Full of Beans
By Justin Stewart

The Town
Dir. Ben Affleck, U.S., Warner Brothers

“It's Heat meets The Departed!” shout the TV ads, forgivable marketing puffery that the entertaining but chronically hackneyed The Town can't possibly begin to live up to. There are certainly traces of both, as bank heists that spill onto daylight streets with deafening automatic weapons will now always be assumed nods to Michael Mann's classic. And director Affleck no doubt hesitated before setting yet another crime movie on Boston's hardscrabble white streets following his previous movie, the similar Gone Baby Gone, not to mention the Scorsese picture.

But the fact is, of the slew of modern Boston crime films, The Town, with its story of two criminal friends seeking opposite paths, an imperiled father-son relationship, and a bland romance, most closely resembles 2008’s ignored What Doesn't Kill You. I championed Brian Goodman's small movie in Reverse Shot because it overcame this potentially drab blueprint with understated acting and resourceful action scenes. The Town, too, has moments, though fewer, during which you forget its generic nature, but because of its celebrity director and the presence of a Mad Men hunk and a Gossip Girl, it'll receive far more attention than What Doesn't Kill You, which has been forgotten (even despite my championing!).

The Town is an improvement on Gone Baby Gone, an adequate movie that nevertheless left a taste of bile in the mouth due to Dennis Lehane's repellent, witless dialogue and the exploitative seediness of every encounter between Casey Affleck's detective character and various Boston underground lowlifes. Despite the buzziness of the casting, Jon Hamm, Jeremy Renner, and Blake Lively do bring presences less humdrum than those offered by sturdy Morgan Freeman and Ed Harris in the previous film. Chuck Hogan's novel Prince of Thieves provides a less sensationalizing, more fact-based source than the Lehane book that inspired Gone Baby Gone. And Affleck also wisely sets his movie in a very specific section of Boston little explored on film—Charlestown, a recently gentrifying neighborhood that has produced more bank and armored car robbers than any one square mile in the world, one of several portentous prefacing title cards informs us.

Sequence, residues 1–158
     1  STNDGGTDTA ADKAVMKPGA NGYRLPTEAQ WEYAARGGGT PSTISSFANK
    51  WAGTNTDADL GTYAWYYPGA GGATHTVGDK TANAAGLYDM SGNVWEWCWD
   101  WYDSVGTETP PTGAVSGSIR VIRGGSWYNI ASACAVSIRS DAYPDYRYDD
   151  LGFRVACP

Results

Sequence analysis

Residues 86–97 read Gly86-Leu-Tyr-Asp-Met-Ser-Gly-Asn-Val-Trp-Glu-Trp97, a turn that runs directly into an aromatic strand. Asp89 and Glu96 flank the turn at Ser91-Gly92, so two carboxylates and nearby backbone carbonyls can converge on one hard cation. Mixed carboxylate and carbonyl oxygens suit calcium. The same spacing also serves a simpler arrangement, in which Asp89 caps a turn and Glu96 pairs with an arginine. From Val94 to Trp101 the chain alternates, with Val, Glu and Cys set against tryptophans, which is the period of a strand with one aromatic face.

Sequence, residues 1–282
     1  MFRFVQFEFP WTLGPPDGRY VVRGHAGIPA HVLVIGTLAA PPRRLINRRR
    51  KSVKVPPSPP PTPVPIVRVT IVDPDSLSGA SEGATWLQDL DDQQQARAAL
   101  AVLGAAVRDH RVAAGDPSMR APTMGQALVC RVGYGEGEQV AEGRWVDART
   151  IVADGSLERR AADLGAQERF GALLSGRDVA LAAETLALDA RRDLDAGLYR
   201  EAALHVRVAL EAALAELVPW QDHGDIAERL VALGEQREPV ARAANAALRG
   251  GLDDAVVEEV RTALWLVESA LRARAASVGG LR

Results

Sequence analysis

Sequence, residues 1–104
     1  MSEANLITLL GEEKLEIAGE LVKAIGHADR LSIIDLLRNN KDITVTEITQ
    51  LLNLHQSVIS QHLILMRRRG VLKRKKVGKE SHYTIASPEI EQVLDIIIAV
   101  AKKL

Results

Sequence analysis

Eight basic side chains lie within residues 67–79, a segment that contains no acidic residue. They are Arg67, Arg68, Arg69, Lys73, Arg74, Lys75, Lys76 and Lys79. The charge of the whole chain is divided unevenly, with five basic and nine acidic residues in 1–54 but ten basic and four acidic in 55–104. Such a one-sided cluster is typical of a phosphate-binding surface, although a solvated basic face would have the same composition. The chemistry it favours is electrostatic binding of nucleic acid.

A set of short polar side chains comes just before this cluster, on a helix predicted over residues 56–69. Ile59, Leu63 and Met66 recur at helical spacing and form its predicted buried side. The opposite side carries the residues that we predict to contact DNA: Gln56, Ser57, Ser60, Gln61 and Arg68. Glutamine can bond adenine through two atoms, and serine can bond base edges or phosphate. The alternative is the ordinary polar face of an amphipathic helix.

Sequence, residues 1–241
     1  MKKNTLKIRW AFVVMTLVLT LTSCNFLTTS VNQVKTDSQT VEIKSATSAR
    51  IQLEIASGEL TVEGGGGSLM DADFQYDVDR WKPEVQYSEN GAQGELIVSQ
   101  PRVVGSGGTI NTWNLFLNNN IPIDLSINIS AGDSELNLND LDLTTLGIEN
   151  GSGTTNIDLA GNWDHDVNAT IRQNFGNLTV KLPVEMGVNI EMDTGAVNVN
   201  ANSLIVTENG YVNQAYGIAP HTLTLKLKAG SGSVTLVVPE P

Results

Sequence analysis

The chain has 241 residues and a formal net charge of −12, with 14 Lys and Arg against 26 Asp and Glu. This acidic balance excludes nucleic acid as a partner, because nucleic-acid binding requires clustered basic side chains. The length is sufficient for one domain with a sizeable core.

The director stars as Doug, and following those opening fact-quotes and some of his monotone “these streets ah haahd” narration, he and his partners suit up with vests and skeleton masks for a bank robbery, dutifully loud, kinetic, and violent enough to jumpstart the action in traditional heist movie fashion. When an alarm is tripped, the unhinged Jem (Renner) pounds a manager with the butt of his weapon, and the crew choose to kidnap the quaking co-manager, Claire (Rebecca Hall), whom they later mercifully discard (uninjured) on a beach. Worried about her having more to tell, Doug decides to follow Claire, and an encounter in a laundromat leads to an emotionally vulnerable moment and, then, a screenplay-convenient romance between criminal and victim. The dangerous liaison angers Jem when he finds out, both because it jeopardizes their safety and because it's tempting Doug to go straight, leaving the life of crime that is all Jem knows, and is in many ways an acceptable family trade in tough Charlestown. Hamm is the stubbly and single-minded FBI agent who definitely does not find it acceptable.